What are the recommendations for travel for this procedure?
If you are taking any blood-thinning medication/anticoagulant, please let your doctor know as some may need to be stopped before you travel for the procedure. Travelers to Thailand should plan to stay in the country for at least two to five days after the procedure, depending on their condition after surgery, or for the entire duration of treatment. If you plan to return home after the procedure, please speak to your doctor before making travel arrangements. There are no restrictions for air travel. During your follow-up appointment your medical team will assess your health and your incision and you will receive documents detailing your medical and treatment history and your "Fit to Fly" certificate (if needed).
How effective is this procedure?
This surgery effectively treats prostate and breast cancer. You can try hormone therapies with antiandrogens before considering an orchiectomy, but these can have side effects, including: -damage to your thyroid gland, liver, or kidneys -blood clots -allergic reactions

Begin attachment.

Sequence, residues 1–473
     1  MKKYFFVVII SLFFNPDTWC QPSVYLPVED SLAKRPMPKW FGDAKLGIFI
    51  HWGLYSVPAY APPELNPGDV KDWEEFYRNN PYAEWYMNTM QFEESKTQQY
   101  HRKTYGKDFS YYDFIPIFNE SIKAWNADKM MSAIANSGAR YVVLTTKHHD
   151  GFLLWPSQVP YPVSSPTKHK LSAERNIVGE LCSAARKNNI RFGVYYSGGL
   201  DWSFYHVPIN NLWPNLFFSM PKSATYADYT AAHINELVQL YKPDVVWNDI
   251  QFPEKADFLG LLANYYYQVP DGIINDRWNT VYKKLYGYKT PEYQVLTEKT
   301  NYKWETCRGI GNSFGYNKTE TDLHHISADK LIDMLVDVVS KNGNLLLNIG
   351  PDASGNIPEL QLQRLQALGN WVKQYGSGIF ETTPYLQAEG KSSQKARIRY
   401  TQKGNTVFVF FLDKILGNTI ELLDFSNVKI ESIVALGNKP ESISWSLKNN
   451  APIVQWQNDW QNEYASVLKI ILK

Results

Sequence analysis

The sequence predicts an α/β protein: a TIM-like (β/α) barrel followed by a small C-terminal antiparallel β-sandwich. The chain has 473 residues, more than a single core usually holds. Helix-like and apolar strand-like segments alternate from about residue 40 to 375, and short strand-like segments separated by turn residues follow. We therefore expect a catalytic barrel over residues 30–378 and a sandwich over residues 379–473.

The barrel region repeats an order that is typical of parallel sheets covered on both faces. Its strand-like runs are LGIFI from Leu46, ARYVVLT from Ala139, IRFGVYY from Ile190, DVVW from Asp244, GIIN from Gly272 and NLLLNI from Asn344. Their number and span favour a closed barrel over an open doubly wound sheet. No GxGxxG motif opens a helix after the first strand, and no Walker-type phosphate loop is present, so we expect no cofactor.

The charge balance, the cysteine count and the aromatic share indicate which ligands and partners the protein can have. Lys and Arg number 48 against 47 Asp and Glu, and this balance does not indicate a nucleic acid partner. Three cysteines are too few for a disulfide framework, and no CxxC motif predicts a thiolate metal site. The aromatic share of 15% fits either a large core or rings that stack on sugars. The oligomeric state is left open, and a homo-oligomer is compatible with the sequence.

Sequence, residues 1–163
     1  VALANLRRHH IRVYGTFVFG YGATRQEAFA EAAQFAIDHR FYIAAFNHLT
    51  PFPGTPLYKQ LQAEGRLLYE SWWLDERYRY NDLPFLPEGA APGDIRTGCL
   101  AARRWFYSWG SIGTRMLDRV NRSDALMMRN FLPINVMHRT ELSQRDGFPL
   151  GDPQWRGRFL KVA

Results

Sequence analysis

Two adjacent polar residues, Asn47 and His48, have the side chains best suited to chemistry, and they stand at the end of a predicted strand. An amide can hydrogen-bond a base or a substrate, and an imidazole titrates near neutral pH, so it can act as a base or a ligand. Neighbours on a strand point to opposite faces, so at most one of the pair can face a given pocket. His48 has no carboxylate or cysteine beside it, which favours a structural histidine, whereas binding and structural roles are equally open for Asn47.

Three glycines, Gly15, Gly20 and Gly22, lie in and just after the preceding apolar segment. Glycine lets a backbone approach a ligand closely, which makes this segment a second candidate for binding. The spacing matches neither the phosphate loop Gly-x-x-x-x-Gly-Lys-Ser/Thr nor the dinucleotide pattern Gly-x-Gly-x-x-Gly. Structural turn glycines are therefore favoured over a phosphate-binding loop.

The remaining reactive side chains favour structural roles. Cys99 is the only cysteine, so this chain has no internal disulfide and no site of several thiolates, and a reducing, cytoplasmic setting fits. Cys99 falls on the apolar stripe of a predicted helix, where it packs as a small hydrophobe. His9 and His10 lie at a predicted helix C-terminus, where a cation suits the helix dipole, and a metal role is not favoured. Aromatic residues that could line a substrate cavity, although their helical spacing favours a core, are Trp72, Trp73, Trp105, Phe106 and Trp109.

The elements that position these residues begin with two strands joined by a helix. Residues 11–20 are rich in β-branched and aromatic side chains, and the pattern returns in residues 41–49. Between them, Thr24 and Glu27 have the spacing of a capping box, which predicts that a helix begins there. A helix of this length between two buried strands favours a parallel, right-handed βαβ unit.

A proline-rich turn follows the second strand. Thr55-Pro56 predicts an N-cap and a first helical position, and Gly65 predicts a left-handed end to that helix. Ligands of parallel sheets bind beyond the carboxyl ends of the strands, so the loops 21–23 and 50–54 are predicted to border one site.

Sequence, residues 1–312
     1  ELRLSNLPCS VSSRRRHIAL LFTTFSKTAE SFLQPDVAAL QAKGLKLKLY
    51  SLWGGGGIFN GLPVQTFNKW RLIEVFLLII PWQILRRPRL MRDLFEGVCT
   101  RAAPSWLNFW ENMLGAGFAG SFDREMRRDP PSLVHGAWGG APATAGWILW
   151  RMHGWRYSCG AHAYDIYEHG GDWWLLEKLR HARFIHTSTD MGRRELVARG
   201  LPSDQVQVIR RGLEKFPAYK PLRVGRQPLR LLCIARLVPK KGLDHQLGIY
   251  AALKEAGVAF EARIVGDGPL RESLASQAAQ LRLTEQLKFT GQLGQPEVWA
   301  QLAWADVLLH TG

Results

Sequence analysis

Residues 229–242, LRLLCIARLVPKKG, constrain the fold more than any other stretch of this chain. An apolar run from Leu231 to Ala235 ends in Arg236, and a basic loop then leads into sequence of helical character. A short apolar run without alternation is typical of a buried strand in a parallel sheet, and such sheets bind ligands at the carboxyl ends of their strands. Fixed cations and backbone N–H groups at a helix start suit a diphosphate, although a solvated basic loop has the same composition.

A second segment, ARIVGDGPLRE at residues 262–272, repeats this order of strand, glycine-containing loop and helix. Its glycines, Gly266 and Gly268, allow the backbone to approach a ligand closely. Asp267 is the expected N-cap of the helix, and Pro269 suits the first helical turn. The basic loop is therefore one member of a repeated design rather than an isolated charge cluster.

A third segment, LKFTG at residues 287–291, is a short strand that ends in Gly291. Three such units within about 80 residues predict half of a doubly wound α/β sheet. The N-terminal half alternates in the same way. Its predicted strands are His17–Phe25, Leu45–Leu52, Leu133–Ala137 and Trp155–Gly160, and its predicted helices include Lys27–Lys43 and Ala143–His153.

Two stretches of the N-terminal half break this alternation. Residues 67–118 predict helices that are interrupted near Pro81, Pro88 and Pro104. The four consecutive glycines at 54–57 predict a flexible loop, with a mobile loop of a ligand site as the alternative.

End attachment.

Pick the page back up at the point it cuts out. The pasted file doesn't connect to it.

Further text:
What will my life be like after this procedure and how will I readjust?
Having one or both testicles removed can change the way you feel about your body. Surgery may affect how you look, your fertility, and your interest in sex. You may be concerned about how you look to a partner or in a locker room. If it’s a problem, you can have surgery to implant an artificial testicle. It's filled with saline and is made to look like the real thing. There will be a small scar, but your pubic hair can help hide it. If you still have one testicle, you should still be able to get an erection and have sex. If both are removed, your body won't be able to make sperm. If you want to have children, you may want to store sperm before the procedure. Talk to your doctor to plan ahead. Without both testicles, your body won't be able to make as much testosterone as it needs. That might lower your sex drive and make it harder to have erections. You could have hot flashes, lose some muscle mass, and be more tired than usual. Talk to your doctor about a testosterone gel, patch, or shot that will help ease these symptoms.